Pour Your Heart Out
The history of cocktails goes back hundreds of years and there are thousands – millions probably – tried-and-true recipes out there. The Moscow Mule is one such cocktail.
The story goes that in 1941, Jack Morgan, owner of Hollywood’s once famous – and now defunct – Cock ’n Bull restaurant and also the president of Cock ’n Bull Products, was trying to get people to try his ginger beer of the same name. Morgan joined forces with John G. Martin and Rudolph Kunett of Heublein Bros. Inc., the venerable American producer and distributor of alcoholic beverages and food throughout t...
Portuguese wines have been available for hundreds of years – known to us in the New World mostly as Port, the sweet dessert wine.
The Port story began in the early 1700s when England was at war with France. The British couldn’t get any of their beloved French wine, so they went with the next best thing, Portuguese wines. But the problem at the time was that the wines would spoil before they landed in England. So they decided to fortify them with spirits and the problem was solved. Fast forward 300 years and we find a modern revival in the interest of Portuguese wines.
Russian River Brewing in Santa Rosa, CA, is pulling out of the Washington market – an announcement that upset a lot of people in the beer community when it was made a couple of weeks ago.
While it wasn’t surprising to those in the know, there are a lot of people out there scratching their heads as they try to understand why. The answer is really very simple – in a nutshell, the brewery is at capacity and they need to be able to supply brewpubs first and the California market secondly – everyone else falls under those priorities. To make that possible, they decided to pull out of Washington until they could increase capacity.
With several hundred in-state breweries and more than 100 out-of-state breweries available to us, this shouldn’t be that big of a deal to Washingtonians. Why would one brewery leaving cause an outcry in beer geekdom? Actually, it comes as a relief to our Beer & Wine wine staff in that we now don’t have to deal with the Pliny situation – Pliny the Elder is an Imperial IPA from Russian River that put that brewery on the map. We could never get enough, which caused a lot of aggravation for those who wanted it. It was a classic example of supply not being able to keep up with demand.
Personally, I think Russian River Brewing’s decision to leave Washington is for the best. I’ve seen it happen way too many times to count – a brewery/winery/distillery tries to break into the market but overestimate their ability to sell to or supply the market. I would rather see a supplier admit that they cannot supply to you rather than committing and then failing to deliver.
But now we turn to a happier situation – Magic Hat Brewery in Vermont. Magic Hat is a craft brewery/brewpub that has been around since 1994. In Vermont, it’s considered a pretty big deal. When asked if they would please come to the Washington market, the answer was always “No.” For whatever reason – and my guess is that they just didn’t have the supply or capacity levels to be able to support another out-of-state market – they never ventured into the great Northwest....
Anyone who knows me well will tell you I’m not exactly a holiday junkie. I wouldn’t lump myself into the same category as Mr. Scrooge or The Grinch perhaps, but I’m not all that far away from it.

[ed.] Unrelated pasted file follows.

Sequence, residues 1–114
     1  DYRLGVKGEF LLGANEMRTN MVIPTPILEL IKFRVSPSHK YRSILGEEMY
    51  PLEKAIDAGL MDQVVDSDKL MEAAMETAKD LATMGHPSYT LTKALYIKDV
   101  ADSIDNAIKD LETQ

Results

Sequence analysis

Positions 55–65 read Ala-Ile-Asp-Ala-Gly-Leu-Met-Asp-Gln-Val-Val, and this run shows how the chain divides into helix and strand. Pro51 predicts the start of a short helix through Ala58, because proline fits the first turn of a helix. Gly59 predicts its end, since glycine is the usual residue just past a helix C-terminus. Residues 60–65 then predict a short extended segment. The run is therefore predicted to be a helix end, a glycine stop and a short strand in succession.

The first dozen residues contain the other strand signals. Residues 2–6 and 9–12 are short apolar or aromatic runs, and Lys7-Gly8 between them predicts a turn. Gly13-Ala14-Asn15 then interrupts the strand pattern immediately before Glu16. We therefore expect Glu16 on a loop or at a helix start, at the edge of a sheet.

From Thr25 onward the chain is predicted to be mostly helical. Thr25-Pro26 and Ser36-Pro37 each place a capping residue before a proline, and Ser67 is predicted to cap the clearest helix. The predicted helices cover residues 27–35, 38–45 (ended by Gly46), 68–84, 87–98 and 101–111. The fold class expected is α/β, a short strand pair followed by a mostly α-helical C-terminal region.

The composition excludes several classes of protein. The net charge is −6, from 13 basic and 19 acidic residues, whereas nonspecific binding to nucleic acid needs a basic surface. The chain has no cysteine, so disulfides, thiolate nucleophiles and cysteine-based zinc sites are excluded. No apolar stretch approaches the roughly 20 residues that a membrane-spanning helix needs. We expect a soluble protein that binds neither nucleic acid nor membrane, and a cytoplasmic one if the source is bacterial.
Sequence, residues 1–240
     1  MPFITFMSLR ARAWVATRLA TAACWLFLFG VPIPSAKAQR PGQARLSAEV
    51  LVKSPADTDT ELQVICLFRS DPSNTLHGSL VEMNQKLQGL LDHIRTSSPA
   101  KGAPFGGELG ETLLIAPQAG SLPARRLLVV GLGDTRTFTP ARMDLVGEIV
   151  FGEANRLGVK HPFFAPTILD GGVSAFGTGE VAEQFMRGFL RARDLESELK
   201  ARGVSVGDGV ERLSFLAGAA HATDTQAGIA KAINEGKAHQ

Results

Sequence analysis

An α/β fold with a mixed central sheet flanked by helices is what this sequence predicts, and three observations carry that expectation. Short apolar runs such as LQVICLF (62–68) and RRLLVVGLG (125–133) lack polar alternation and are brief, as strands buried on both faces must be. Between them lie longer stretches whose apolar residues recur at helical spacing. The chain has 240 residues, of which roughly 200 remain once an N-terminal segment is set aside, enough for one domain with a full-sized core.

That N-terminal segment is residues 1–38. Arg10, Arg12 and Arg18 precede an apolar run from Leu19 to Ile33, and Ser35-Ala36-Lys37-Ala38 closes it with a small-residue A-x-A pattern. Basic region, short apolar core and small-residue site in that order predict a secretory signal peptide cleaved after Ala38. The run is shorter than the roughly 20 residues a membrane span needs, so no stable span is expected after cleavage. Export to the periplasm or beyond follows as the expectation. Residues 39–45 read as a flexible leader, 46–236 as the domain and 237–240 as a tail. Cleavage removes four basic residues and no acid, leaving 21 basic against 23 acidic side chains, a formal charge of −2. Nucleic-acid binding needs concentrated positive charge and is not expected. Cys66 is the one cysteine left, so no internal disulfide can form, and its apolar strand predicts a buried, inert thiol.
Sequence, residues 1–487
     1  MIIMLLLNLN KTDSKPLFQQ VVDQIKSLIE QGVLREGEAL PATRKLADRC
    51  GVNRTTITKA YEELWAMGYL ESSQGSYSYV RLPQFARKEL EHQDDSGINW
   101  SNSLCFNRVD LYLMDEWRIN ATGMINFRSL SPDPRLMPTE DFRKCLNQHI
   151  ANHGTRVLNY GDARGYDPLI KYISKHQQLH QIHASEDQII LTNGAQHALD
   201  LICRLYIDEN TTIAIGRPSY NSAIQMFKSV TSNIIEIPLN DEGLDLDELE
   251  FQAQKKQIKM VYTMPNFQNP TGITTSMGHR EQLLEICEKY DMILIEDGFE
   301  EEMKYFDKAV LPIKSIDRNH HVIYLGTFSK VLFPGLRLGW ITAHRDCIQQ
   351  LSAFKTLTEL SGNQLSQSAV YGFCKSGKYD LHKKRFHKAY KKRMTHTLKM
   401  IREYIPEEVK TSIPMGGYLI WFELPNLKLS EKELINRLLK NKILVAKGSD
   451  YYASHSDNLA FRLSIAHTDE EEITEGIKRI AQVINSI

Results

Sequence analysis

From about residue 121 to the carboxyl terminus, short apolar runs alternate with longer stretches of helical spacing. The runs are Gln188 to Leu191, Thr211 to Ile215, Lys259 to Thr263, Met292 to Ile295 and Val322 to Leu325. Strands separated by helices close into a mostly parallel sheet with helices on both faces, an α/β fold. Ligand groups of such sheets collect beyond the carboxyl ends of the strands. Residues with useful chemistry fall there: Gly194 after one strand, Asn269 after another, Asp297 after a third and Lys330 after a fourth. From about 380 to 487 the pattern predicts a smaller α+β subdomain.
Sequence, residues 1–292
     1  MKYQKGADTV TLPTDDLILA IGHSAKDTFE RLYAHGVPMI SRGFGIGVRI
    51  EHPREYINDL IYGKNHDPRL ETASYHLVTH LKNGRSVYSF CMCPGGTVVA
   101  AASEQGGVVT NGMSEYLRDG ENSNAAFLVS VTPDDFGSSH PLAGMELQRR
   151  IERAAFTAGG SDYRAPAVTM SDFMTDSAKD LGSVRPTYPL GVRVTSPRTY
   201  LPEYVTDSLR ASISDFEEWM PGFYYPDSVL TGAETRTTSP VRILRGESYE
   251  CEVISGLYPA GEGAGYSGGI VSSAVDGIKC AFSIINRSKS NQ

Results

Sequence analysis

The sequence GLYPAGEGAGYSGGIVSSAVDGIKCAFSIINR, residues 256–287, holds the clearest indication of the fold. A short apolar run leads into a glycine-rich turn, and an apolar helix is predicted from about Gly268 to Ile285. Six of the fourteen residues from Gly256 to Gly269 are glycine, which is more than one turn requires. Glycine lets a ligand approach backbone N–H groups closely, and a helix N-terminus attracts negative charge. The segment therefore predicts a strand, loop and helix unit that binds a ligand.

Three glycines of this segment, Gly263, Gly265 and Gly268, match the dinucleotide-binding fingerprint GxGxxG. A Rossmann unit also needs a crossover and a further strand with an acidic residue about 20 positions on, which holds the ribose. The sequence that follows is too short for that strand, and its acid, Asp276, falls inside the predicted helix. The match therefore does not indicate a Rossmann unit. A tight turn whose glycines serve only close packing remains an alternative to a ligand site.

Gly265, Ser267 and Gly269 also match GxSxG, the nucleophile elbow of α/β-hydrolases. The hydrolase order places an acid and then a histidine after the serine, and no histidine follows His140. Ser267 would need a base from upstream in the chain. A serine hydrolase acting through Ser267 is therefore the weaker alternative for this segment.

But … with that said, I have to admit that I can’t wait for this time of the year. Because of winter beers. Yes, it’s that glorious time of year when most of the craft brewers offer their seasonal selection in the form of a robust, typically dark and malty elixir. Some styles tend to be darker, stouter versions of their usual style, while others showcase beers brewed with adjuncts such as fruit, spices or even spruce tips. The presence of hops tends to be downplayed – although not always – and the alcohol level typically rises. I know I’m not alone on this subject, right now the blogosphere is buzzing with all of the seasonal releases available.
One beer to pay special attention to is the Deschutes Jubelale. Since its inception, Deschutes Brewery in Bend, Ore., has had an artist design the label. This year, Kaycee Anseth Townsend was chosen as the artist and her design, titled “Revelers and Troubadours,” pays homage to all of the labels of the past. She created the art using scraps of paper from labels from years past. This beer will be on our Biweekly Buys for $7.49 for 6 packs, starting Dec. 12.
Another favorite is the Fremont Brewing Abominable Ale. This year, much to the chagrin of many a beer geek, Fremont Brewing (on Woodland Park Avenue North in Seattle) has released its seasonal ale in four-packs of 12-oz aluminum cans. Aluminum cans are getting trendier for craft beers, and a lot of brewers think it benefits the beer in terms of cost, recyclability and protection from light and oxygen....
Sometimes in life, you have to choose between acting now or waiting. I know people – lots of them – who are holding off on buying a house in the hopes of scoring a real deal. They could feasibly buy today, but the possibility of something even better showing up in the future always exists. This struggle between instant gratification and the hope of patience being rewarded has recently struck us in Wine Department.
As a company, we are constantly being offered wines that are absolutely fabulous; case in point, the ’09 Saviah Cabernet Sauvignon Walla Walla Valley. This wine has been on the market for almost a year. Upon release, it was drinking beautifully. It showed the depth and structure of fruit known from the vineyards where it was grown. When we were told that Saviah was going to drop the price for the end of the year, we jumped on the opportunity to run it for our Holiday Wine Sale.
Then the kicker appeared. Our supplier offered us an unheard of offer – they said we could buy in on the ’10 vintage, before it has been released to any other retailers, if we felt it was up to our quality standards. In fact, they were heading to Walla Walla to taste them side by side. When they got back, the vote was unanimous that the ’10 had more stuffing than the ’09. To prove their point, they shipped us both wines to try ourselves....
Have you ever felt like someone was trying to pull a fast one on you? Has your internal “red flag” alarm been activated when something sounded too good to be true? Like that commercial where an armored car comes by a guy standing on the corner and drops bags full of money before speeding off – then a weird pig comes by and tells him it can’t be true because it isn’t? That’s how I felt at a recent tasting at a distributor’s warehouse.